When I was young, I was fascinated by the early 20th century Dada Movement. I even sported a button with I.K. Bonset’s moto “Je suis contre tout et tous” . So, I was excited to discover that the Museum of Modern Art in New York was exploring the Dadaists in a new exhibition called Dadaglobe Reconstructed. The show focuses on a failed project organized by Dada founder Tristan Tzara. In 1920, the poet gathered more than 100 works from Dadaists artists and writers in 10 countries for an anthology to be titled Dadaglobe. The compilation was supposed to include photos of artworks, original drawings, photo self portraits, and layouts for book designs.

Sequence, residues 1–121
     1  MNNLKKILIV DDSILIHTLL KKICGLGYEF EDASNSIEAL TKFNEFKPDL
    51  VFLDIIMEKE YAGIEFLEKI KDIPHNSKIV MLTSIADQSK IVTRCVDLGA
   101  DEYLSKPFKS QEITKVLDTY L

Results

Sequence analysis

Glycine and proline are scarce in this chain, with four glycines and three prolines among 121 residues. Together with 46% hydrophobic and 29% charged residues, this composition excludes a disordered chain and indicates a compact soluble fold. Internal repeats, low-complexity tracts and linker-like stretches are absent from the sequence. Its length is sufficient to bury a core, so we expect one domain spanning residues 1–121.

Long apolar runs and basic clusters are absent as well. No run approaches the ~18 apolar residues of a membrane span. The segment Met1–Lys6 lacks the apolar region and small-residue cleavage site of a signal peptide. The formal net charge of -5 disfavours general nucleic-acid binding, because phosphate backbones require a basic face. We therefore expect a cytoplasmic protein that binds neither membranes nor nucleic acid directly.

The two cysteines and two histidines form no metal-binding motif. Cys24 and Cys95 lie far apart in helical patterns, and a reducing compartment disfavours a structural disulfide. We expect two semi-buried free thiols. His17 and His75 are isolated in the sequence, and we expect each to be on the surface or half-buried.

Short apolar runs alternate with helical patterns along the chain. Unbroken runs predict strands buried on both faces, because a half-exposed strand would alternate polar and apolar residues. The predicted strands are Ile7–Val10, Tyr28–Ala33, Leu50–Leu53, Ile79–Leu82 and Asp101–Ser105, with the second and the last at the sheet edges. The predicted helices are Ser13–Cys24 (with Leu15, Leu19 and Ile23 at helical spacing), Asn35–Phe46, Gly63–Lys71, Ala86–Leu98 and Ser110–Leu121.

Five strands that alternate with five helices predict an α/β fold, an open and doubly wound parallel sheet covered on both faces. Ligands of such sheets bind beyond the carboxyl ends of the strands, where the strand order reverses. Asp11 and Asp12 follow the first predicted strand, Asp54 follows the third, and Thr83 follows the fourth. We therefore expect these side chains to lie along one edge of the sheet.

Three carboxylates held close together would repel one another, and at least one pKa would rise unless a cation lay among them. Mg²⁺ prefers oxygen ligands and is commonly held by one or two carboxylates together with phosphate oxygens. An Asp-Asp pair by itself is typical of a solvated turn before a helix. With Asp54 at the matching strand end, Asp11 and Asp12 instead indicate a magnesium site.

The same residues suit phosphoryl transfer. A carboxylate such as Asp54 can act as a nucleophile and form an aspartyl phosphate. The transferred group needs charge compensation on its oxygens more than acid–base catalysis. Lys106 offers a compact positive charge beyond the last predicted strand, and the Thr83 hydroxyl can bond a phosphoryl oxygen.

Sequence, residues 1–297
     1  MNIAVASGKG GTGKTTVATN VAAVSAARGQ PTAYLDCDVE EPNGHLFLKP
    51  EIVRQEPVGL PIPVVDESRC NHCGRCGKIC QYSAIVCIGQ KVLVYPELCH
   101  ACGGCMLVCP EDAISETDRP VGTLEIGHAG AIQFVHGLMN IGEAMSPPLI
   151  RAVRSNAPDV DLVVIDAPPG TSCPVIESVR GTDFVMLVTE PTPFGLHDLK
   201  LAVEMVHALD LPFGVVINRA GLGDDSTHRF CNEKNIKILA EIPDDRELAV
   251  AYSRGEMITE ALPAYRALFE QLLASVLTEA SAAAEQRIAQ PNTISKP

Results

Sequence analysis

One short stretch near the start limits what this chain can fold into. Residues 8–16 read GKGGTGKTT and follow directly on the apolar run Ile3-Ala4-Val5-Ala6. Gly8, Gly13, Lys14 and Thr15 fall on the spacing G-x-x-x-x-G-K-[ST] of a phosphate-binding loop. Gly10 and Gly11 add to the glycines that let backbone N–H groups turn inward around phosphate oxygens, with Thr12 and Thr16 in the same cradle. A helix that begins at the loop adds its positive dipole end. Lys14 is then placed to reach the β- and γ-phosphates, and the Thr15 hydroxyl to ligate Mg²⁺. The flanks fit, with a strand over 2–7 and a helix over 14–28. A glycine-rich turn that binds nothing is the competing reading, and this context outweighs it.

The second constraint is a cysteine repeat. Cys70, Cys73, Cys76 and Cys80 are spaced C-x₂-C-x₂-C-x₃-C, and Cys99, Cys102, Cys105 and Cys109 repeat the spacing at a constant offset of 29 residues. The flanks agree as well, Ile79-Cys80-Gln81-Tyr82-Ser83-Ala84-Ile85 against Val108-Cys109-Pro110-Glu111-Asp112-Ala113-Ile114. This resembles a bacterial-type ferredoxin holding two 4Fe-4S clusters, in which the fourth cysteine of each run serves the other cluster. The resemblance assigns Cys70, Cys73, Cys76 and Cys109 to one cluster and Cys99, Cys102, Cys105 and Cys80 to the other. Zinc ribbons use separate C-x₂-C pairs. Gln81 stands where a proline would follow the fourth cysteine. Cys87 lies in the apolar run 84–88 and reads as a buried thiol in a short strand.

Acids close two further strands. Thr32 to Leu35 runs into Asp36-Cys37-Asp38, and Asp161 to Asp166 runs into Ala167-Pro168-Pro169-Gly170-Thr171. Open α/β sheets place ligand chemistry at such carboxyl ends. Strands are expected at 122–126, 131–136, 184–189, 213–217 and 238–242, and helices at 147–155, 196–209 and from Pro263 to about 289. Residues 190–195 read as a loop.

The project never reached fruition due to disagreements among the participants and financing problems. But Tzara managed to secure contributions from Dada icons such as Max Ernst, Man Ray, Hannah Höch, Jean Arp, marcel Duchamp, and Francis Picabia. The MoMA show brings together 100 pieces from Dadaglobe that have been scattered in collections around the world for nearly a century. The show runs through September 18, 2016.